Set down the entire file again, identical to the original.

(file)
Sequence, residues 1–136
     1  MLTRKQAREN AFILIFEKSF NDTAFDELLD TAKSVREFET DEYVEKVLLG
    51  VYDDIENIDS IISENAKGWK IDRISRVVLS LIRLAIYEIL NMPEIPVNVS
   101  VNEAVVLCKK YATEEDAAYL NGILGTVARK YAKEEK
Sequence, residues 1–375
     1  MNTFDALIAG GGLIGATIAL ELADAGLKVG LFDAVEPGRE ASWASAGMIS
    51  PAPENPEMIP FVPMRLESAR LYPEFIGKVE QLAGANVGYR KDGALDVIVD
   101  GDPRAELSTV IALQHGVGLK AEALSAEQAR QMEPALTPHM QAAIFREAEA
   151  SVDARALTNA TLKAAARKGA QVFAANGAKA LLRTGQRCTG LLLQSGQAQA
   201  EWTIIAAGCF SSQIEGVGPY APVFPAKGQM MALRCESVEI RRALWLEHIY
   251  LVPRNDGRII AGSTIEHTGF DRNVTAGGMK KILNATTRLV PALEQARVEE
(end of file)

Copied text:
Sequence, residues 1–136
     1  MLTRKQAREN AFILIFEKSF NDTAFDELLD TAKSVREFET DEYVEKVLLG
    51  VYDDIENIDS IISENAKGWK IDRISRVVLS LIRLAIYEIL NMPEIPVNVS
   101  VNEAVVLCKK YATEEDAAYL NGILGTVARK YAKEEK
Sequence, residues 1–375
     1  MNTFDALIAG GGLIGATIAL ELADAGLKVG LFDAVEPGRE ASWASAGMIS
    51  PAPENPEMIP FVPMRLESAR LYPEFIGKVE QLAGANVGYR KDGALDVIVD
   101  GDPRAELSTV IALQHGVGLK AEALSAEQAR QMEPALTPHM QAAIFREAEA
   151  SVDARALTNA TLKAAARKGA QVFAANGAKA LLRTGQRCTG LLLQSGQAQA
   201  EWTIIAAGCF SSQIEGVGPY APVFPAKGQM MALRCESVEI RRALWLEHIY
   251  LVPRNDGRII AGSTIEHTGF DRNVTAGGMK KILNATTRLV PALEQARVEE